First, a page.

There are several different definitions of money supply to reflect the differing stores of money. Owing to the nature of bank deposits, especially time-restricted savings account deposits, M4 represents the most illiquid measure of money. M0, by contrast, is the most liquid measure of the money supply.
The European Central Bank's definition of euro area monetary aggregates:
The United States Federal Reserve published data on three monetary aggregates until 2006, when it ceased publication of M3 data and only published data on M1 and M2. M1 consists of money commonly used for payment, basically currency in circulation and checking account balances; and M2 includes M1 plus balances that generally are similar to transaction accounts and that, for the most part, can be converted fairly readily to M1 with little or no loss of principal. The M2 measure is thought to be held primarily by households. Prior to its discontinuation, M3 comprised M2 plus certain accounts that are held by entities other than individuals and are issued by banks and thrift institutions to augment M2-type balances in meeting credit demands, as well as balances in money market mutual funds held by institutional investors. The aggregates have had different roles in monetary policy as their reliability as guides has changed. The principal components are:
Prior to 2020, savings accounts were counted as M2 and not part of M1 as they were not considered "transaction accounts" by the Fed. (There was a limit of six transactions per cycle that could be carried out in a savings account without incurring a penalty.) On March 15, 2020, the Federal Reserve eliminated reserve requirements for all depository institutions and rendered the regulatory distinction between reservable "transaction accounts" and nonreservable "savings deposits" unnecessary. On April 24, 2020, the Board removed this regulatory distinction by deleting the six-per-month transfer limit on savings deposits. From this point on, savings account deposits were included in M1.
Although the Treasury can and does hold cash and a special deposit account at the Fed (TGA account), these assets do not count in any of the aggregates. So in essence, money paid in taxes paid to the Federal Government (Treasury) is excluded from the money supply. To counter this, the government created the Treasury Tax and Loan (TT&L) program in which any receipts above a certain threshold are redeposited in private banks. The idea is that tax receipts won't decrease the amount of reserves in the banking system. The TT&L accounts, while demand deposits, do not count toward M1 or any other aggregate either.
When the Federal Reserve announced in 2005 that they would cease publishing M3 statistics in March 2006, they explained that M3 did not convey any additional information about economic activity compared to M2, and thus, "has not played a role in the monetary policy process for many years." Therefore, the costs to collect M3 data outweighed the benefits the data provided. Some politicians have spoken out against the Federal Reserve's decision to cease publishing M3 statistics and have urged the U.S. Congress to take steps requiring the Federal Reserve to do so. Congressman Ron Paul (R-TX) claimed that "M3 is the best description of how quickly the Fed is creating new money and credit. Common sense tells us that a government central bank creating new money out of thin air depreciates the value of each dollar in circulation." Modern Monetary Theory disagrees. It holds that money creation in a free-floating fiat currency regime such as the U.S. will not lead to significant inflation unless the economy is approaching full employment and full capacity. Some of the data used to calculate M3 are still collected and published on a regular basis. Current alternate sources of M3 data are available from the private sector.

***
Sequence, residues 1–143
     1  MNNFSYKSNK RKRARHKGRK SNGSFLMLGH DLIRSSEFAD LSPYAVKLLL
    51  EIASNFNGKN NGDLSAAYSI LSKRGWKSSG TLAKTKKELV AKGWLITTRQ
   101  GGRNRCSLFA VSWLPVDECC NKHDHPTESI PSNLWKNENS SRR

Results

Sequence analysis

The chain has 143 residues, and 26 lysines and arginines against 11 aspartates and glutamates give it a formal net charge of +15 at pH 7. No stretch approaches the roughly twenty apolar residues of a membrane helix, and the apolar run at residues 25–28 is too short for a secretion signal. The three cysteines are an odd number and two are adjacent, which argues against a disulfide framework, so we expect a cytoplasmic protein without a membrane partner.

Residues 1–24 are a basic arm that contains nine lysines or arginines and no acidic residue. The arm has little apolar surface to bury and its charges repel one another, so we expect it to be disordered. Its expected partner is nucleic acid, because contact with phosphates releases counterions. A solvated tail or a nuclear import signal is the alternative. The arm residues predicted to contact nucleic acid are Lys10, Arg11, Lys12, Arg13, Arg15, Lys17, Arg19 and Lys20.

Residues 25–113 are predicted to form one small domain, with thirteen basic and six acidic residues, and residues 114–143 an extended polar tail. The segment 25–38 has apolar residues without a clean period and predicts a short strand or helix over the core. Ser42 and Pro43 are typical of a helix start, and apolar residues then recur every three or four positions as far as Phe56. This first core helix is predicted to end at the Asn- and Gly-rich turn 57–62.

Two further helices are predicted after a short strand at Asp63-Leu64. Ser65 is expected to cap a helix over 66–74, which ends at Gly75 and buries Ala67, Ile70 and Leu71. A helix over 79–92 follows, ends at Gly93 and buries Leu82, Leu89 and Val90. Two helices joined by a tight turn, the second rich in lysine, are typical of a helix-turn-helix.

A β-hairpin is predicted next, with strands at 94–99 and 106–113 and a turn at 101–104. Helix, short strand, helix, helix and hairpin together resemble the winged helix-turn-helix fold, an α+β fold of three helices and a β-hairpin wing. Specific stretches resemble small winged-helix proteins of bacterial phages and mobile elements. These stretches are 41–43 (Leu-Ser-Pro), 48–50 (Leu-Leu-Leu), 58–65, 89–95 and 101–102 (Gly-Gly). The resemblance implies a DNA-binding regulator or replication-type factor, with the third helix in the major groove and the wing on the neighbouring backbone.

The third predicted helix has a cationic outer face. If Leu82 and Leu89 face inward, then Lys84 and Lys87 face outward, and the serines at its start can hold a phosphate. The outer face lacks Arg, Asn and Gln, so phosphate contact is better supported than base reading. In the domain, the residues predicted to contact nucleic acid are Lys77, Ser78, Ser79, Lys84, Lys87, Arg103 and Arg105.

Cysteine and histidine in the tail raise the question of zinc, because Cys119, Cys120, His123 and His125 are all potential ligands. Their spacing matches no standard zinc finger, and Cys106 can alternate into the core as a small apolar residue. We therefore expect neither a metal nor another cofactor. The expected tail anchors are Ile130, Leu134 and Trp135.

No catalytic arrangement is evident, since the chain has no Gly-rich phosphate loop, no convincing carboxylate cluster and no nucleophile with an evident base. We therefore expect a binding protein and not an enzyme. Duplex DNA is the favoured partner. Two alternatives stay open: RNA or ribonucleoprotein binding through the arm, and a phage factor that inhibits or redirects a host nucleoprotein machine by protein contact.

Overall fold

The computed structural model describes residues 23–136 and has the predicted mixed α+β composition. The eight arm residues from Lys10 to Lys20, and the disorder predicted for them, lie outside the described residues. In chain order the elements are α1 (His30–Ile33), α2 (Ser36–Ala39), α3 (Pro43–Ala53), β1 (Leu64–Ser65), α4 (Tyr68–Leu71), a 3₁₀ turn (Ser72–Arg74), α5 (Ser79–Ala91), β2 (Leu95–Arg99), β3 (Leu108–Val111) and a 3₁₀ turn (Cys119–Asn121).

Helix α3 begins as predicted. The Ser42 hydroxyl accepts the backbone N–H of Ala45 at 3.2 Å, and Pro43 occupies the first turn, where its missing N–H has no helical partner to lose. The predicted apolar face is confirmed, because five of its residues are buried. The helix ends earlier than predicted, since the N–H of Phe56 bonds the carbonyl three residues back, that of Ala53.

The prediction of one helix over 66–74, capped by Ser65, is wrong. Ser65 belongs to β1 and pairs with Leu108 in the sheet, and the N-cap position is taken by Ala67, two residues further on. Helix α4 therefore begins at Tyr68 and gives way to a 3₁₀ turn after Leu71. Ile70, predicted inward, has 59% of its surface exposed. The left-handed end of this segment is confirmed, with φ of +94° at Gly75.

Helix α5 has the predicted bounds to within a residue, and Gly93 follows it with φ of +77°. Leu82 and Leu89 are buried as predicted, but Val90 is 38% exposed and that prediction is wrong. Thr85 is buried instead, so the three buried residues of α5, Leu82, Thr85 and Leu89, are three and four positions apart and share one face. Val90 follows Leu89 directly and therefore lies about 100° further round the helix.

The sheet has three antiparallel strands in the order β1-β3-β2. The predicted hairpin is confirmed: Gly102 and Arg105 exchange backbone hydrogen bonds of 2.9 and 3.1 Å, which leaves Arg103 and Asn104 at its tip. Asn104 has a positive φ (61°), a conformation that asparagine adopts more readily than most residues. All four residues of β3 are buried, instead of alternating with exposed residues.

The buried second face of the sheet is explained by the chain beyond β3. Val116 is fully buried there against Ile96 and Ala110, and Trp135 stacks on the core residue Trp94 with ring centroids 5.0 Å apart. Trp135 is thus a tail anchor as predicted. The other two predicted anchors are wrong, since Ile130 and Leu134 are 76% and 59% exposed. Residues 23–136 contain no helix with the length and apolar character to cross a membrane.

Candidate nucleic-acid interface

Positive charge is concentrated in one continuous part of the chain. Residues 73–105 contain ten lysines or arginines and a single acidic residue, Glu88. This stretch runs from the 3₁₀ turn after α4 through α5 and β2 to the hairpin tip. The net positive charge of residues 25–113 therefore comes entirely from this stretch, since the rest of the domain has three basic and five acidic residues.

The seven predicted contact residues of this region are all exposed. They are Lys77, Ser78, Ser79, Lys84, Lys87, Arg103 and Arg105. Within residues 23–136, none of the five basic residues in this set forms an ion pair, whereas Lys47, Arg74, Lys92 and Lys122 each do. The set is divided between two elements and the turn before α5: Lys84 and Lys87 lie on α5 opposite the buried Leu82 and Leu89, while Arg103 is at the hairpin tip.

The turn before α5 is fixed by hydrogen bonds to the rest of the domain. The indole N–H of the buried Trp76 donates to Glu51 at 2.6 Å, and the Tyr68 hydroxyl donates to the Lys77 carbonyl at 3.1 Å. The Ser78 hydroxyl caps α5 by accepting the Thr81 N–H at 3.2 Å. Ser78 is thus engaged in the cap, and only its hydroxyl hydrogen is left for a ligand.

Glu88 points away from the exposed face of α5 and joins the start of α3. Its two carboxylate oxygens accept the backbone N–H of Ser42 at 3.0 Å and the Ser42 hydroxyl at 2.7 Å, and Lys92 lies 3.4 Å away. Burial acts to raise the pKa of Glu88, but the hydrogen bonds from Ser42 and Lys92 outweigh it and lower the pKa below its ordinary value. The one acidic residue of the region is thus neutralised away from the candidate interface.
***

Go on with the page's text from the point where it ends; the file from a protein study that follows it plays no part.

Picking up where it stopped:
As of April 2013, the monetary base was $3 trillion and M2, the broadest measure of money supply, was $10.5 trillion.
The Reserve Bank of Australia defines the monetary aggregates as:
The Reserve Bank of New Zealand defines the monetary aggregates as:
The Reserve Bank of India defines the monetary aggregates as:
The money supply is important because it is linked to inflation by the equation of exchange in an equation proposed by Irving Fisher in 1911:
In mathematical terms, this equation is an identity which is true by definition rather than describing economic behavior. That is, velocity is defined by the values of the other three variables. Unlike the other terms, the velocity of money has no independent measure and can only be estimated by dividing PQ by M. Some adherents of the quantity theory of money assume that the velocity of money is stable and predictable, being determined mostly by financial institutions. If that assumption is valid then changes in M can be used to predict changes in PQ. If not, then a model of V is required in order for the equation of exchange to be useful as a macroeconomics model or as a predictor of prices.
Most macroeconomists replace the equation of exchange with equations for the demand for money which describe more regular and predictable economic behavior. However, predictability (or the lack thereof) of the velocity of money is equivalent to predictability (or the lack thereof) of the demand for money (since in equilibrium real money demand is simply Q/V). Either way, this unpredictability made policy-makers at the Federal Reserve rely less on the money supply in steering the U.S. economy. Instead, the policy focus has shifted to interest rates such as the fed funds rate.